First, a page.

Ron Paul and more importantly, his supporters, will win the long term battle.
I will readily admit that I am a liberal, be aware that I identify as a liberal in the more classical sense, but pragmatically tend to support the
more left leaning candidates. I also enjoy (and have an have an eye for) politics. In the past, I have fed my family with the money made from
working for several political campaigns. I have never been paid to work for a national campaign, but was the campaign manager for several regional
candidates (they all won) and two state-wide races (1 won, 1 lost). I left the field because it is not work that allows me to be the father that I
want to be. Too many long hours, too much travel and too much "compromise".
However, being a political junkie at heart, I have been watching the 2012 race fairly closely and the Ron Paul "Delegate Strategy" in particular.
ATS members like OutKast Searcher have been demonstrating the difficult path that Ron Paul faces to the nomination. In particular, I think his most
recent post about the nomination being settled by a vote of acclamation is quite astute. You will see on Page 7 of that thread where I provided
C-Span footage of how Boehner can very quickly end the roll call vote if needed. Unfortunately for Paul supporters, I don't think the tactic will be
necessary. There is a very good chance that Romney will secure 1144 bound delegates before Tampa.
So, why do I state that Ron Paul will win?
Because politics at its most nuts and bolts level is controlled by informed motivated minorities.
No. Ron Paul will not be the Republican nominee at the conclusion of the Tampa convention, but his Delegate Strategy has mobilized and informed a not
insignificant portion of the electorate on how the system actually works.
And this is a very good thing. And I say that as an individual most associated with the Democratic Party in my state.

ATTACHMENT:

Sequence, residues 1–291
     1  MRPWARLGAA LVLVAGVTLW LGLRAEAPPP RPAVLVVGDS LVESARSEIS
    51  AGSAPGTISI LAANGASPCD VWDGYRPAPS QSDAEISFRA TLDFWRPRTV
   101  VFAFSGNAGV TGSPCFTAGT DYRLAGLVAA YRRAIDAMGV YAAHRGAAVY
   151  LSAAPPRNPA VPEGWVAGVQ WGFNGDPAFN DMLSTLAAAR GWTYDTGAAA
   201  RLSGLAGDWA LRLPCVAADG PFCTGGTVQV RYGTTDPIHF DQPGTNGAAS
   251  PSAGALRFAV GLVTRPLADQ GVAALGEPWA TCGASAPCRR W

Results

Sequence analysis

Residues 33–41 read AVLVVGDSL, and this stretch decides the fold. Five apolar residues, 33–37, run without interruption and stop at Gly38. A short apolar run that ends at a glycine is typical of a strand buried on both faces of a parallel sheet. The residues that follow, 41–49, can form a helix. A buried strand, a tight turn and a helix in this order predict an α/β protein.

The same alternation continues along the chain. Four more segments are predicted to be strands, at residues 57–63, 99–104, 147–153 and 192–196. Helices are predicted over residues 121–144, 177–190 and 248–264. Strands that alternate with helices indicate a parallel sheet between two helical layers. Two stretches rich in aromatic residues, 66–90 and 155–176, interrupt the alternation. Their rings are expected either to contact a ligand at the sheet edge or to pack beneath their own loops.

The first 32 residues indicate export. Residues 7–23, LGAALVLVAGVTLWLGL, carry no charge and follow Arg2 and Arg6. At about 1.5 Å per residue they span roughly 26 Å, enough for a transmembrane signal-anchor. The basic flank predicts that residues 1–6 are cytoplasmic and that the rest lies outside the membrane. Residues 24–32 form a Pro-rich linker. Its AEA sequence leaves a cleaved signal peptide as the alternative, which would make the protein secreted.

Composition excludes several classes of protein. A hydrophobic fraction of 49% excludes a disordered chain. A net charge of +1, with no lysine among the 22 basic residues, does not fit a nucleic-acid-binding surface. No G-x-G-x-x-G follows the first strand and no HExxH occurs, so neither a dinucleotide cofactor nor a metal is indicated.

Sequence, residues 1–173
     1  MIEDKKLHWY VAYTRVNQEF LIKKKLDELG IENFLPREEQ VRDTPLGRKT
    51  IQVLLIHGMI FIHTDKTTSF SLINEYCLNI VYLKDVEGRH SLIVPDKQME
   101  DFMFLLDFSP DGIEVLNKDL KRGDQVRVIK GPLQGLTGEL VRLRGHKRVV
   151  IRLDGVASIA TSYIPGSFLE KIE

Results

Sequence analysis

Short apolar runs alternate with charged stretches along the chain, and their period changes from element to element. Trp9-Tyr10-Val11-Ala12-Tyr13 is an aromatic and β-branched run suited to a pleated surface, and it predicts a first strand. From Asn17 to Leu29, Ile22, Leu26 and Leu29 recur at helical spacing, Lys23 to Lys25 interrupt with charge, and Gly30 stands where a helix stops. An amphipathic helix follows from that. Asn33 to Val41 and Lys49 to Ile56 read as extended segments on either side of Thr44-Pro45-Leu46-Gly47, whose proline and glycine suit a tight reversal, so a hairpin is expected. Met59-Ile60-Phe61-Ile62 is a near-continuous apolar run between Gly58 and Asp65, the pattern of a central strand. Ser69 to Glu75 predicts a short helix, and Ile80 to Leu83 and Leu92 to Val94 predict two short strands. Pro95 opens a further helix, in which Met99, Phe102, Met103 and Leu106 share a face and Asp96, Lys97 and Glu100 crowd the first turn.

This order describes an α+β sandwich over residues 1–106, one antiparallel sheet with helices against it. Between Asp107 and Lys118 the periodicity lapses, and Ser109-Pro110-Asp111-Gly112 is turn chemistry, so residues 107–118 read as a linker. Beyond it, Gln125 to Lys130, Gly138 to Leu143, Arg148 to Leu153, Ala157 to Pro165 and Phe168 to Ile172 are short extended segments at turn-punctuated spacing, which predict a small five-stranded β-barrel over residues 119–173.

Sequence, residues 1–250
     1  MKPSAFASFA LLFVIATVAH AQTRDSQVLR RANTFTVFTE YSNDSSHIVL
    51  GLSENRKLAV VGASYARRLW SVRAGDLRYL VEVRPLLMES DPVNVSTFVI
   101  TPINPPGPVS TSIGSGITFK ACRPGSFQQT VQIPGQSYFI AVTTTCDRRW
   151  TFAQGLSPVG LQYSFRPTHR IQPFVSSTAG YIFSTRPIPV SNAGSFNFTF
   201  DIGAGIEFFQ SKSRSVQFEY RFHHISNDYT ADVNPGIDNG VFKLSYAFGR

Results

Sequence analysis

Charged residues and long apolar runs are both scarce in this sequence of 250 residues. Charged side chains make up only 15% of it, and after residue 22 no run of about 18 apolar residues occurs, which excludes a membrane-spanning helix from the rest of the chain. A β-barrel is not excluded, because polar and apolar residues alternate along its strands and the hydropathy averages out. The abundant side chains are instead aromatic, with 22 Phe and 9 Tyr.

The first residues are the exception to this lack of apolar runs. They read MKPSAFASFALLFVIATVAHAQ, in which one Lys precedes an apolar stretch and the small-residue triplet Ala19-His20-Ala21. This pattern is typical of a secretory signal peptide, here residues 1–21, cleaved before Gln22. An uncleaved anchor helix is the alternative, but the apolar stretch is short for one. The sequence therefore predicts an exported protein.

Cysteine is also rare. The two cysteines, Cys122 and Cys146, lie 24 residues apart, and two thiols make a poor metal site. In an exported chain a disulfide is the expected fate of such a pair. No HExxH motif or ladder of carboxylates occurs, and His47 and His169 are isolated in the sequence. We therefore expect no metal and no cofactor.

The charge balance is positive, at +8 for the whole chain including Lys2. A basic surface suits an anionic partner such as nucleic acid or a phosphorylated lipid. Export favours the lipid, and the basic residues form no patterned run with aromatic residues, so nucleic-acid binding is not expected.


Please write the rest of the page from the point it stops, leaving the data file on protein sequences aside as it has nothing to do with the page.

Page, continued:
I believe strongly in the two party system that Americans have utilized over the course of our history. I have studied the European systems and feel
that they are far more likely to end in grid lock and bad legislation. The problems we are facing today (and it has happened a couple of other times
in our history) is that one of the two parties are not living up to their end of the bargain. The Republicans have gone off the rails and become a
defacto extremist party. This is common in Europe, but in a two party system it is a recipe for disaster.
This is why I am pleased by Paul's Delegate Strategy. It has mobilized an informed minority on how to take back the Republican party and return
conservatism to its rightful place in American politics by advocating for smaller government, less federalism and austerity (even though I personally
disagree with most of these stances). Right now the mainstream in the party seem to be on the brink of a cliff waving their hands in the air like mad
men, unable to do their job of governing, because to them "compromise" is worse than defeat.
There is little doubt in my mind that even if the TPTB within the Republican Party are ignorant to this fact, that there are plenty of others that are
watching the same cycle I am and will capitalize on it in the future. The result being a Republican Party that is more in tune to actually governing.
Political governance operates on a pendulum, and it seems to me, that in the long run, the Ron Paul campaign and its supporters, will help swing the
pendulum back into some sense of equilibrium.
So Ron Paul will win in the way that actually matters the most.
edit on 3-5-2012 by LordOfArcadia because: (no reason
edit on 3-5-2012 by LordOfArcadia because: (no reason given)
edit on 3-5-2012 by LordOfArcadia because: (no